Arctic with its harsh weather conditions and difficult terrain has always been an unsolved mystery for not only common people but also the researchers. However, the “Arctic Drifter” is a media-centric habitation and work unit that provides a new way of seeing the Arctic landscape. Riding on the prevailing winds above the Arctic Circle, the media unit gathers the images for better understanding of the frozen land. The Drifter can sail effortlessly across all flat terrains, including ice, water and small crevasses, thanks to its size and resilience. It makes use of a network of multi-band sensors, the FlyEye system, to collect ultra-high-resolution spherical projections by stitching together smaller images in real time. Moreover, the images from the sensor network can be projected immediately on the interior surface, enriching the experience of the crew.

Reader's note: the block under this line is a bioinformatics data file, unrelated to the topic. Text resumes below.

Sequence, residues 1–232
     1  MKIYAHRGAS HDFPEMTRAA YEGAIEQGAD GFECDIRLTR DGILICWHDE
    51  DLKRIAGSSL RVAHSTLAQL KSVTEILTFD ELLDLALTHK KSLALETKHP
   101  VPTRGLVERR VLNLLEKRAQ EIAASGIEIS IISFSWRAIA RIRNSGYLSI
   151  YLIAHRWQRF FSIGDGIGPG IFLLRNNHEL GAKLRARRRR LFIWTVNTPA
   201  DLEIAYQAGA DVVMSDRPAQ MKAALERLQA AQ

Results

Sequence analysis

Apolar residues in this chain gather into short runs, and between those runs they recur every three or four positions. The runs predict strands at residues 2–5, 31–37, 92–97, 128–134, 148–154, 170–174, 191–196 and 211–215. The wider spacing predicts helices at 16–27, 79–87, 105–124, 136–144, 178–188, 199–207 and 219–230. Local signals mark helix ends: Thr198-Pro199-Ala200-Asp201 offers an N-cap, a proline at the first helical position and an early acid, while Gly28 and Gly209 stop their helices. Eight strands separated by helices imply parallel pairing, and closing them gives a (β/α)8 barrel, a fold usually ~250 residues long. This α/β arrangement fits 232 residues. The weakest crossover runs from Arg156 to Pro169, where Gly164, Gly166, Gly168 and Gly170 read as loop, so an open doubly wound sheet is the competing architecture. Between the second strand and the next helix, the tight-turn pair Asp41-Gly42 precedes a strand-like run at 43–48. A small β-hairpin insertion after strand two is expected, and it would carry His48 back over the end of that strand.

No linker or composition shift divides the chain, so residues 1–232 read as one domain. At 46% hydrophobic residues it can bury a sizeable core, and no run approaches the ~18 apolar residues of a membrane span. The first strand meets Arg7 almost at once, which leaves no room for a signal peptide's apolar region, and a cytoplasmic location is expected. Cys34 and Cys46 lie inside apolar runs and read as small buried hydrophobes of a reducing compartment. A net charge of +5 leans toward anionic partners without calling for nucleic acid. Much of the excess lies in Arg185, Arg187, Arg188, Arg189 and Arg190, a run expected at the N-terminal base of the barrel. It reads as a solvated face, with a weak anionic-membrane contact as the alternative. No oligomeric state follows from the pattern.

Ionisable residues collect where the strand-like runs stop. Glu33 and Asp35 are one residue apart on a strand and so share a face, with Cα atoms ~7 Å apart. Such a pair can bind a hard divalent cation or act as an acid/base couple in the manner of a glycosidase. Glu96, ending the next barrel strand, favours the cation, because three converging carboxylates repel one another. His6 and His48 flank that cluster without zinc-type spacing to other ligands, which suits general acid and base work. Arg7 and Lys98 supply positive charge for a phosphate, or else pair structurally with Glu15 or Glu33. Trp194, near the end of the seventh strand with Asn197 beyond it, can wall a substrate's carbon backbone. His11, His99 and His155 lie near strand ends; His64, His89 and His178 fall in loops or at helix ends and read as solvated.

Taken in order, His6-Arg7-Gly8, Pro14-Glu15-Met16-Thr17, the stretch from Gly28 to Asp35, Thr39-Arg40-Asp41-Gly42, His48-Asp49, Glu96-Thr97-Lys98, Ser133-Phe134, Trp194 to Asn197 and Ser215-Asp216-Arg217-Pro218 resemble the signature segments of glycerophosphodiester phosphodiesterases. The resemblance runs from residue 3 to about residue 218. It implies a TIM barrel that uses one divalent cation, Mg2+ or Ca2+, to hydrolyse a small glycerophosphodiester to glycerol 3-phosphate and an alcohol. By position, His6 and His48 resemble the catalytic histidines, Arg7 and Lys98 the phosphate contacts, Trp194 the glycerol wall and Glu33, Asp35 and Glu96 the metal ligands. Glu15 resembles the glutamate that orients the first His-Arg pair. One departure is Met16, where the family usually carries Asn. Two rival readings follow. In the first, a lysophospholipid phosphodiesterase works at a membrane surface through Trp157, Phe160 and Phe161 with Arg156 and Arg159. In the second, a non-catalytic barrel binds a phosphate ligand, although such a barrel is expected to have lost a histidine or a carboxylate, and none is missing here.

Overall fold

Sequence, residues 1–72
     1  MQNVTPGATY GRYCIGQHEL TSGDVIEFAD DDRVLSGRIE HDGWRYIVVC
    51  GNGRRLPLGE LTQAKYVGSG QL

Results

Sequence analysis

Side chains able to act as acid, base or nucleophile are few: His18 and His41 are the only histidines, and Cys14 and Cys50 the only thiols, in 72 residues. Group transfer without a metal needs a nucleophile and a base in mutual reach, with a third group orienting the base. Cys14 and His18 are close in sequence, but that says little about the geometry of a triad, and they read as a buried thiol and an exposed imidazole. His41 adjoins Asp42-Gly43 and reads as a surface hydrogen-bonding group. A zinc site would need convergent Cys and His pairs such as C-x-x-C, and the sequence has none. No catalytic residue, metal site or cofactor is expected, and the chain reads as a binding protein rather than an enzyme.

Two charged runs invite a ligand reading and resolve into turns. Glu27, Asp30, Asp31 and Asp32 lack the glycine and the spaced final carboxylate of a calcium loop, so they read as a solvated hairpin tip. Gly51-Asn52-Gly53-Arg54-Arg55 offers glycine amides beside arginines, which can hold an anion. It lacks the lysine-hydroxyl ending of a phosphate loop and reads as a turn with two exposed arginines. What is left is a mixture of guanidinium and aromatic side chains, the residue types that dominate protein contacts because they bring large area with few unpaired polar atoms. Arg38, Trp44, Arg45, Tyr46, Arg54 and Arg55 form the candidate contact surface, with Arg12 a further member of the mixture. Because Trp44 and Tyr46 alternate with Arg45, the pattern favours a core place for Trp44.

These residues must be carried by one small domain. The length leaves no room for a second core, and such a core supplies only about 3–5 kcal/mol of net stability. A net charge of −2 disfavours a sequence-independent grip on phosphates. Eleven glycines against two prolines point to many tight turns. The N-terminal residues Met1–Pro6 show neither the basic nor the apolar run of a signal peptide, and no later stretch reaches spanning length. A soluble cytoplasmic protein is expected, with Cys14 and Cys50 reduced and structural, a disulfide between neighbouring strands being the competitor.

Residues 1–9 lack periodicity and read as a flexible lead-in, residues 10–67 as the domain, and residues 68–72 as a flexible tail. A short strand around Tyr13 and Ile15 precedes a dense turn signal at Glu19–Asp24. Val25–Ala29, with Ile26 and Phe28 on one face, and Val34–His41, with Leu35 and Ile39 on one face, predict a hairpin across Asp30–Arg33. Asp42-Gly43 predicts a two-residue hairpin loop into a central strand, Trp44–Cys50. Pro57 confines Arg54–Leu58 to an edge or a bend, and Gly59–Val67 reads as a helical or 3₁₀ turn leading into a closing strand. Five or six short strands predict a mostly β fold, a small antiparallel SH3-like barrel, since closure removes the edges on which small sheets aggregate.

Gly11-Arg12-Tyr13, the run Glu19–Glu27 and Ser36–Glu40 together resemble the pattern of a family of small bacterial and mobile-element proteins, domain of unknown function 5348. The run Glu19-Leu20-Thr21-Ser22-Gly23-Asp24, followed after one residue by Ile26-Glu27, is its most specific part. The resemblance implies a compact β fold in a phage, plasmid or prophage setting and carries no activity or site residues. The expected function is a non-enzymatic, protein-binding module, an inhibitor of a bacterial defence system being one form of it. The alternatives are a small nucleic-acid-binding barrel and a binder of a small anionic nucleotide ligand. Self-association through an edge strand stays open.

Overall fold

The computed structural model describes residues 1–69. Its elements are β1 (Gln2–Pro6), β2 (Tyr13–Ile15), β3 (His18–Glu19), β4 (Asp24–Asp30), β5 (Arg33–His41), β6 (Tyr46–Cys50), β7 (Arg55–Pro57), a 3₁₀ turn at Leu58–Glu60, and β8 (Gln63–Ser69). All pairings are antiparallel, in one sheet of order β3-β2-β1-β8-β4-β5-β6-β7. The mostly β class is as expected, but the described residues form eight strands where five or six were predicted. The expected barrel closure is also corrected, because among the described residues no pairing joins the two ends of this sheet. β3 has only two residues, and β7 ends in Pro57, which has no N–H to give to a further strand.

Enclosed by Hypalon air-bags, the Drifter when fully inflated swells 15 m in diameter, which deflates in to smaller dome-shaped structure for stability. While the inner roll-cage keeps the crew capsule in an upright position, which deflates a part of the air-bags and detaches to exit the capsule. Equipping the crew capsule within a three-axis gymbal, the drifter mounts the heavy mechanical systems and batteries below the center of gravity to help it float upright in any orientation. For repositioning or short-distance travel, the gymbal system comes integrated with two low-speed high-torque electric motors that are used for steering control during wind-powered travel to tack away from the wind. In short, the drifter is a well equipped unit to explore and understand the harder or inaccessible landscapes across the world.